Whether you’re recruiting remote employees or trying to onboard and train an international worker or a remote employee in your own backyard, you’ll face a few recruitment challenges. However, these problems aren’t limited to a remote or hybrid environment, as onboarding issues have plagued the job market for years.

According to Gartner, only 16% of new hires possess all the skills required to be prepared for their current and future roles, and only 29% of new hires have high current-skill preparedness. 

Further research finds that IT, finance and sales positions filled today will need up to 10 new skills within 18 months. In today’s job market, recruiters need to hire for potential, not experience, as highly gifted candidates are the first to be hired or develop key industry skills.

With that said, it’s hard to find a high-value candidate that doesn’t expect some degree of flexibility, which often comes in the form of remote work. As candidates become more choosy, employers should pay attention to how they present their own value to passive and active hires.

Recruiting Remote Employees

Recruiting for a work-from-home role isn’t that dissimilar to an in-person position. Modern onboarding always includes technology, but a remote employee will rely on it for everything.

Factor in Remote or Hybrid Work Experience

Candidates don’t have to have remote or hybrid work experience. In fact, the majority of your applicants won’t have it. In 2021, 26% of the American workforce worked remotely. That only accounts for 87.6 million people, most of which have limited work-from-home experience.

Still, experience in a hybrid environment and the ability to use remote work software can help your candidates onboard quicker, so long as they are productive while working from home.

It’s also important to treat your remote employee as such. Work-from-home staff often apply for remote roles because they have more freedom, and they won’t appreciate being asked to hop on a meeting suddenly or to take a “quick trip” to the office. If you do this, they’ll likely quit.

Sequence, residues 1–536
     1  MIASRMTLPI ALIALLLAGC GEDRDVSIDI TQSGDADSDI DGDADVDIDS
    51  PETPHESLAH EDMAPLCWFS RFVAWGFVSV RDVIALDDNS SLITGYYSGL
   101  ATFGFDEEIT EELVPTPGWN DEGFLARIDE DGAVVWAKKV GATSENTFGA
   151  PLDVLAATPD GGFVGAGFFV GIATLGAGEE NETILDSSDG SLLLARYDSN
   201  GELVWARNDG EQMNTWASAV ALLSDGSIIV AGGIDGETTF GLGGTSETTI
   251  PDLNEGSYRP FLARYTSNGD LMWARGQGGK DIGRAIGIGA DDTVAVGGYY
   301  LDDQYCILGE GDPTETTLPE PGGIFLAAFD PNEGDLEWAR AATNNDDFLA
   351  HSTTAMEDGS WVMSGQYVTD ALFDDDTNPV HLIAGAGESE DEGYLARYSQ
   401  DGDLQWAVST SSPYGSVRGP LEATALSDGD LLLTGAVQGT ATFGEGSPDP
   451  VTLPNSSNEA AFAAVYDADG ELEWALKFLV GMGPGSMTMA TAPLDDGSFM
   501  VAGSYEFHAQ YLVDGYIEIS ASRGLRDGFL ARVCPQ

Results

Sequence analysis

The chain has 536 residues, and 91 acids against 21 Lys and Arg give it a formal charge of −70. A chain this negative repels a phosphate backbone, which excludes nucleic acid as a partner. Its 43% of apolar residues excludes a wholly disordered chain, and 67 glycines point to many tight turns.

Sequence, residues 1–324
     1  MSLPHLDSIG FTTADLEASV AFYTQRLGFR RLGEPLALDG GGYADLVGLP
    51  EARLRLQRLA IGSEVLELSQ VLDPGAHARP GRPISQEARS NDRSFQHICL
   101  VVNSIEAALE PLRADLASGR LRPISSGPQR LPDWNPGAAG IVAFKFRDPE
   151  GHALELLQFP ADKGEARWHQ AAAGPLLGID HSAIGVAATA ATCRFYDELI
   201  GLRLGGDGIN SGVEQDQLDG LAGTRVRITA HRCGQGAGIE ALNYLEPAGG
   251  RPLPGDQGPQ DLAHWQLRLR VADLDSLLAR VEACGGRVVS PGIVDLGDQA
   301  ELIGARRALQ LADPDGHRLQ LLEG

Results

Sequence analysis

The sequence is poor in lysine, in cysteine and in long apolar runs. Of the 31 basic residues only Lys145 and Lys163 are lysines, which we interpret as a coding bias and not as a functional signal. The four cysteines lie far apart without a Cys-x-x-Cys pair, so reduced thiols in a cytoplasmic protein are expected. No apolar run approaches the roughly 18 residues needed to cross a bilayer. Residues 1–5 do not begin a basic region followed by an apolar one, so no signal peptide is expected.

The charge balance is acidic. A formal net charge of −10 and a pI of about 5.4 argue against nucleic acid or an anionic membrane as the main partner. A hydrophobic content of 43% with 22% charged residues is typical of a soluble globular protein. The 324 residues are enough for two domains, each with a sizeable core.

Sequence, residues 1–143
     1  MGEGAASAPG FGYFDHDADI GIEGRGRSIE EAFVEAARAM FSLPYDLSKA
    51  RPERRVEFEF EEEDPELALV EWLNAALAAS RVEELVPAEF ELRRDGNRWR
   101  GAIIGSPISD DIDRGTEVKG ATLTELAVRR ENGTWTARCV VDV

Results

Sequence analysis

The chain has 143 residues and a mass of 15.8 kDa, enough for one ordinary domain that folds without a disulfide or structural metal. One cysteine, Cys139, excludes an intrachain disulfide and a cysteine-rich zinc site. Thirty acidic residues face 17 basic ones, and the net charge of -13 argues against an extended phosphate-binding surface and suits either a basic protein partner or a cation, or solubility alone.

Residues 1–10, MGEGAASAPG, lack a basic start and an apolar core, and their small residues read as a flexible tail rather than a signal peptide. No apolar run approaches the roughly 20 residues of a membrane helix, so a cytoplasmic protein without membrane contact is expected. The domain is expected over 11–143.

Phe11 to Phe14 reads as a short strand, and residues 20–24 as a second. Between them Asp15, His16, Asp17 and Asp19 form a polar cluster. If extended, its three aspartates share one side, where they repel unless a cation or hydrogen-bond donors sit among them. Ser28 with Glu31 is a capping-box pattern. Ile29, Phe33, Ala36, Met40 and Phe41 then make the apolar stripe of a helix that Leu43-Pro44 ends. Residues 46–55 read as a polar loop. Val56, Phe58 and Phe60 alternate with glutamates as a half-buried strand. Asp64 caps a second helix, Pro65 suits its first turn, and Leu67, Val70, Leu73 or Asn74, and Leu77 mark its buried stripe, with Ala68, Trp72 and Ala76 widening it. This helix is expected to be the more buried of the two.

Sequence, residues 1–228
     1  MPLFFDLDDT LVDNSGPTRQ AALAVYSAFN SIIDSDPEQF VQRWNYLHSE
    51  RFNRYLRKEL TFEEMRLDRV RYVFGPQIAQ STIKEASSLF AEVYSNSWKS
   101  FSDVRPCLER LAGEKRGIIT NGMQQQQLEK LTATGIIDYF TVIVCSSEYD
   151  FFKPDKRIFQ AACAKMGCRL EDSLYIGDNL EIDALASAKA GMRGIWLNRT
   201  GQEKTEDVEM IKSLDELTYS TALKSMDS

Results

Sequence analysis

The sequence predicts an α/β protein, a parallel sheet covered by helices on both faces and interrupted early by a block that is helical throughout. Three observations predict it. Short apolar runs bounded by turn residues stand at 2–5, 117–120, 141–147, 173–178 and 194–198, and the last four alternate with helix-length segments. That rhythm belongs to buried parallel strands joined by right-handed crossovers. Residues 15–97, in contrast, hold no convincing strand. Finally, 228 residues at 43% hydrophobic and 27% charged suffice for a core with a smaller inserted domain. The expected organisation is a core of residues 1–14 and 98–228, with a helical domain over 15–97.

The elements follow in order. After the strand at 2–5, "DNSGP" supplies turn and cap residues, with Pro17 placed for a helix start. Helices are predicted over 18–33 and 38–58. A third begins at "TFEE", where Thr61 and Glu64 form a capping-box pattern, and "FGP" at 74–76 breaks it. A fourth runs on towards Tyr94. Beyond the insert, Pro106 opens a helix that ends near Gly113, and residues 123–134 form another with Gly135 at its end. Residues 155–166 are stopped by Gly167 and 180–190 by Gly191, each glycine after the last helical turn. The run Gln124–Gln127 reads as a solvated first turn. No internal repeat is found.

Remember that productivity should be tracked by output in a remote setting. Just looking at hours worked doesn’t tell the whole story, as workers are often more productive when they have minimal interruptions. Trust your remote employees will get their work done before the deadline.

Consider Successful Remote Employee Skills

Both experienced and inexperienced hybrid candidates can still possess specific skills that make them perfect for remote work. Many people can work independently and stay productive without physically being in the office. With that said, don’t micromanage remote employees.

Here are seven essential skills remote job seekers should have:

    • Ability to work independently
    • Strong written communication skills
    • Self-motivated and organized
    • Comfortable using digital tools
    • Team player and culturally sensitive
    • Emotional intelligence and empathy
    • Reliability and secure equipment

If the candidate has never held a work-from-home position before, check their resume or cover letter for the above skill-based keywords. It also helps to add these skills to your job description, as modern candidates are taught to use keywords in job postings to score well on ATS software.